Jon McDonald © 2016
All rights reserved
“Mr. President-Elect, AmVista’s Chairman, Terrance Geiger, is on line one,” Ed’s secretary announced, poking his head through the office door.
Ed picked up the phone. “Terrance, you old dog, what’s up?”
“Ed…sorry…I mean, Mr. President-Elect…” Terrance laughed. “This is going to take some getting used to.”
“I know this is probably not the way these things should be handled now, but I need you to know something very important that might well affect your presidency.”
That got Ed’s full attention.
“Just a moment.” Ed went to the office door and closed it so no one could listen in—neither his business staff, nor his presidential team. “Go ahead, Terrance. What is it?”
“My sources in Venezuela tell me there’s a major military buildup about to take place that could adversely affect the global energy markets.”
“Really? I’ve not been briefed on any such activity.”
“My source is very reliable, and we both know Casados is such a wild card. I’m sorry that we ever had to use him to help us with that Brightway business. And, Ed—” he paused, unsure if he needed to say this—”But I just wanted to remind you to erase any trace of your involvement with Brightway.”
“I’m aware of that Terrance, believe me. I’ve taken all the necessary precautions.”
“Good. And Ed, I just want to be sure you understand, this Venezuelan situation could potentially escalate into a major conflict. Please keep an eye on Casados. He’s a wily critter.”
Ed was silent for a moment. So this was what it was going to be like to be president, he realized in a brief moment of panic. He’d need to surround himself with the very best people as close advisors.
“Terrance, let me have some of my people get back to you for a briefing on the Venezuelan details. I’ll give your report my fullest attention. Thanks for the heads-up.” Ed made a mental note to consider Terrance Geiger as his energy secretary.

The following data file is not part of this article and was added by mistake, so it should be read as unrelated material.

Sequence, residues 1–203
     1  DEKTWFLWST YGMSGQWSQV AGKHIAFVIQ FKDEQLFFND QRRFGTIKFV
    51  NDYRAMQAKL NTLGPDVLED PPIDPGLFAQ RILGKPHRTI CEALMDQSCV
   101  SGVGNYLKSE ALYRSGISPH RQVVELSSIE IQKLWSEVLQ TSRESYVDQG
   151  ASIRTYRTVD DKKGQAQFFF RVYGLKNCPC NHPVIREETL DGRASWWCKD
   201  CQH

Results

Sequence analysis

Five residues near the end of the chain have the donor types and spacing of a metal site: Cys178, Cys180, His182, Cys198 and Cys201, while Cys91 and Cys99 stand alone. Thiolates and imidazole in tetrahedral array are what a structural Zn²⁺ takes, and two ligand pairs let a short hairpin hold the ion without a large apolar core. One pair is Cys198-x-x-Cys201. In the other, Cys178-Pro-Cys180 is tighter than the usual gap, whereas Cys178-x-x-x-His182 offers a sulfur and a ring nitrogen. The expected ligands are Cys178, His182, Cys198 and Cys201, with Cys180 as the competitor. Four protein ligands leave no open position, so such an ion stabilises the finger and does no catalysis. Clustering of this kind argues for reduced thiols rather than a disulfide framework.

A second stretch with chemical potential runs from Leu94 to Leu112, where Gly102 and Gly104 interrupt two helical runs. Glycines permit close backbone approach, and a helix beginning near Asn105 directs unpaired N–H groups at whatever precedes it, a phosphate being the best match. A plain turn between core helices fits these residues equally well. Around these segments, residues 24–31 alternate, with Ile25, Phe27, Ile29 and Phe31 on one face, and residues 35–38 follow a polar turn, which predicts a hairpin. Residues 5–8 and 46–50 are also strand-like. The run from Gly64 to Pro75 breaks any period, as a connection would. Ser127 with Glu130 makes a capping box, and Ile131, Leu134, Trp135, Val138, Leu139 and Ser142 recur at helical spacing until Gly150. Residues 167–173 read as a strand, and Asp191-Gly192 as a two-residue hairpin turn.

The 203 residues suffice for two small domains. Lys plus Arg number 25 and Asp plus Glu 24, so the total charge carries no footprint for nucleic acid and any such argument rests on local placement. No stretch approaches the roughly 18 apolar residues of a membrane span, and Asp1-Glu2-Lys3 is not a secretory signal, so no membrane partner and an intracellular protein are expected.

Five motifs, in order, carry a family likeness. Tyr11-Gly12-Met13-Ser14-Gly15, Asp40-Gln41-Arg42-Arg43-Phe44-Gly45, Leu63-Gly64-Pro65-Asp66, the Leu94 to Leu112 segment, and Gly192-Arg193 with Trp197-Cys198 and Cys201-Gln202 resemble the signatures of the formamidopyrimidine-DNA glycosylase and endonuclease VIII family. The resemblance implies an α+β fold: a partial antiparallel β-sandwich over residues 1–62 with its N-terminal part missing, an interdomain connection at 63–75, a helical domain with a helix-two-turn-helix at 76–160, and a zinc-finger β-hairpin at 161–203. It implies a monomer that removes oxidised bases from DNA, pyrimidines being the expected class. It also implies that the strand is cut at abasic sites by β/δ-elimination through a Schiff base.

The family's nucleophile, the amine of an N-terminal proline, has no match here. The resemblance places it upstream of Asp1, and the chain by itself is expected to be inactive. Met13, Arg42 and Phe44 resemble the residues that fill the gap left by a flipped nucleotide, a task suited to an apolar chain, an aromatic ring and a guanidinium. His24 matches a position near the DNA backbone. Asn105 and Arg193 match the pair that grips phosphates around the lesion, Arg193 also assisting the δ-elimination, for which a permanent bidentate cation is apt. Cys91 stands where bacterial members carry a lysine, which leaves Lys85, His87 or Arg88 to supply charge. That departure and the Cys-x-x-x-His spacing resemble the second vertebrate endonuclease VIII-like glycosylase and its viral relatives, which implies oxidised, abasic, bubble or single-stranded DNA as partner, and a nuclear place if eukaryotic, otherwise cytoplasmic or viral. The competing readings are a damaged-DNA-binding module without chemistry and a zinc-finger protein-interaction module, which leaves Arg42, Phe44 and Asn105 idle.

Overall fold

* * * * *
Diego steadfastly refused to use a dictionary when he was doing the Chicago Tribune crossword puzzle in bed on Sunday mornings. Brandon, on the other hand, had no such qualms. Diego told Brandon he was cheating whenever Brandon consulted the dictionary he kept surreptitiously tucked under his pillow, but Brandon shrugged the accusation off. Chiquita couldn’t care less. The Chihuahua scratched an urgent itch behind her left ear, curled up again between the two of them on the bed, and immediately dozed off again.
“What are we going to do about the apartment when we have to move into your dad’s place?” Brandon asked, contemplatively, after he got stuck on forty-nine down.
Diego responded with a combination of an “Um” and a cough.
That was not a satisfactory answer for Brandon. “What?”
Diego shook out the sports section in annoyance. “I’ve already told you we can’t discuss that just yet. I don’t have all the details about the house. I don’t know what Carmella’s plans are. I don’t know what Dad’s plans are. And I need to have this Secret Service briefing before we have any idea about what we can or cannot do.”
Brandon grinned. “Am I gonna have a Secret Service detail too? That would be so cool.”